Great news! The number of women having orgasms in childbirth has risen to 6 per cent. That means that six women in 100 are yoga-breathing their way to ecstasy. Except… hm. The study is by the Positive Birth Movement and it’s possible their research methods are different from those of an earlier study that put the number at a slightly more believable 0.3 per cent.
Does anyone else think natural childbirth is being pushed a little bit too hard now? As the NCT turns 60, there’s a huge amount to be thankful for: fathers have been brought into the labour room, while enemas and episiotomies are no longer given as a matter of course (if you don’t recognise either term, do yourself a favour and don’t Google it). There’s never been a better time to give birth.
Yet having done it for the second time recently, I felt a pang of regret when I read that story. Why wasn’t I the sort of calm, mindful mum who could actually enjoy her labour rather than losing the plot?
Don’t get me wrong: I know I was lucky to get a quick, straightforward delivery and a healthy baby. Still, the closest to sexy time I came was when my baby's head crowned and I started screaming at the midwife in outrage because I thought she was fisting me. A practice that, it turns out, doesn't really do it for me.
Of course positive thinking is important, but not everyone gets to live the dream. In the very mildest example, a person might be so focused on trying to carry out her birth plan - MUST… WAIT… TO GET INTO… BIRTHING POOL - that she fails to notice when her baby’s head crowns and falsely accuses a midwife of fisting her. Someone else might be just as committed to natural delivery but end up on the business end of a medical-grade vacuum cleaner because her baby was too big, or at an awkward angle, or in distress.
That gap between the birth plan and the reality leaves a lot of people disappointed. One in four babies in the UK is born by Caesarean section, and another one in eight by instrumental delivery. While those statistics include plenty of women who are just happy to have a healthy baby, many struggle to get over having to tear up the birth plan (not to mention their nether regions).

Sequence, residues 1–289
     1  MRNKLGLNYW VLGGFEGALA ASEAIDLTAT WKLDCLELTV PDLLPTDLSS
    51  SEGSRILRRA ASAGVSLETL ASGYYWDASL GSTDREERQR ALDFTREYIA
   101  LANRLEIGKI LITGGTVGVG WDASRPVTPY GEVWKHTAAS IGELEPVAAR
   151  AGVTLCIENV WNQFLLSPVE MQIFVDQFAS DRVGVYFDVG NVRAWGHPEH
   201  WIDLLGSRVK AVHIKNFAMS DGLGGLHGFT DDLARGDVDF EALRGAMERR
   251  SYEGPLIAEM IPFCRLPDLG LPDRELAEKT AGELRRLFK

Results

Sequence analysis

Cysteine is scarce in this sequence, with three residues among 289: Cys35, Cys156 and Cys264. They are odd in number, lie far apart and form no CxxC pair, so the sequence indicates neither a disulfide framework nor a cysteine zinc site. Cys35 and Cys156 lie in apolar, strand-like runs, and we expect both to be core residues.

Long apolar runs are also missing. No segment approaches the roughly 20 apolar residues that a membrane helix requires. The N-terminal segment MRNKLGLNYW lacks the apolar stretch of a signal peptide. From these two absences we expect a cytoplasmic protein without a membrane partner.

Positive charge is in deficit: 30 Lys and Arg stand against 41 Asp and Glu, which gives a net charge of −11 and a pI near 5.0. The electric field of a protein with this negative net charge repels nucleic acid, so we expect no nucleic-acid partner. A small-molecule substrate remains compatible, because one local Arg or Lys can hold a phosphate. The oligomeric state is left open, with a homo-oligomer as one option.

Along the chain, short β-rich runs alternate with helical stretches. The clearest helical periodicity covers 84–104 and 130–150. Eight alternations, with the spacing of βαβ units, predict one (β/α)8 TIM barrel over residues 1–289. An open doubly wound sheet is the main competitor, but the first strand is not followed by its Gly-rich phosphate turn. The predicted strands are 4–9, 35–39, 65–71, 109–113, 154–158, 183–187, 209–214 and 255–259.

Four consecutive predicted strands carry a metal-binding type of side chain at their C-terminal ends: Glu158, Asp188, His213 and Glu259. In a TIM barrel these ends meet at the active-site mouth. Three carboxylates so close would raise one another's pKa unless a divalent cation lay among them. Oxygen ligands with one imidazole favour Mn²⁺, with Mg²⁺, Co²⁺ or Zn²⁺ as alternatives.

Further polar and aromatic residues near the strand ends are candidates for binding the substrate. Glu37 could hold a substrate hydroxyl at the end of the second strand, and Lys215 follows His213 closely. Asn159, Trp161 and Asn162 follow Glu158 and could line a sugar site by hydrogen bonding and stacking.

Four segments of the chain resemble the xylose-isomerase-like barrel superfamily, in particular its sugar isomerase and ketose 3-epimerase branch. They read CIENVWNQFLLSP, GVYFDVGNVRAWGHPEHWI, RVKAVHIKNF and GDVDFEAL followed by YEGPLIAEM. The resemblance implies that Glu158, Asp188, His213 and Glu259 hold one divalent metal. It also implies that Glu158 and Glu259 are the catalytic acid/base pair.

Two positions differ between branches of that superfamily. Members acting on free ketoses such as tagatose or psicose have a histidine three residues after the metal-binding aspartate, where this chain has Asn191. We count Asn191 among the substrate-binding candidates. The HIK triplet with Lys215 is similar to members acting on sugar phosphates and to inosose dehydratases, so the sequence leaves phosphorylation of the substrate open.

There is support available. One friend of mine had treatment for post-traumatic stress after haemorrhaging during a difficult birth; another went back to the hospital for a “birth reflections” counselling session to discuss why her three-day labour had ended in a Caesarean. I’ve even met someone who felt so strongly about missing out on the birth she’d wanted that she recreated it, hiring a birthing pool seven days after her C-section, settling the baby into it and gradually lifting him out and on to her chest.
If rebirthing helped her to feel she’d had the experience she wanted, then great. I might have done the same in her shoes. I also get why the NHS plans to trial “natural Caesareans”, where the screen is taken down so a mother can watch her baby wriggle gradually out of the womb. But would women feel these kinds of measures were necessary if we weren’t told so relentlessly that - to adapt the breastfeeding slogan - “chuff is best”?
Personally, I think we’ve become too hung up on the whole birth experience. When I got pregnant for the first time, I spent nine months focused on getting an A* in birth. I attended birthing classes, went to birth yoga, read birth books, watched births on TV and listened to hypnobirthing CDs. In the event, I got the baby out naturally - only just, she was a big unit - and basked in the midwives’ praise for “doing well”. I recovered quickly, forgot the pain and signed up to do it all again. But there was still a moment in that birthing suite when I thought to myself, despite the euphoria, did I need to put myself through all that? Would an epidural really have been so bad?
Saying that may not win me any friends among advocates of natural labour. To those who couldn’t have one, it may seem like whingeing. But I wanted to share it anyway, because even on the most optimistic figures, for every six women who orgasm during labour there are another 94 going “Bloody hell, that was hard”.
Of course we need to help everyone to have the best possible birth experience, but raising expectations to a ridiculous degree doesn’t help.
Birth can be beautiful, but let’s be honest: it isn’t pretty.
Follow Emma on Twitter @Barters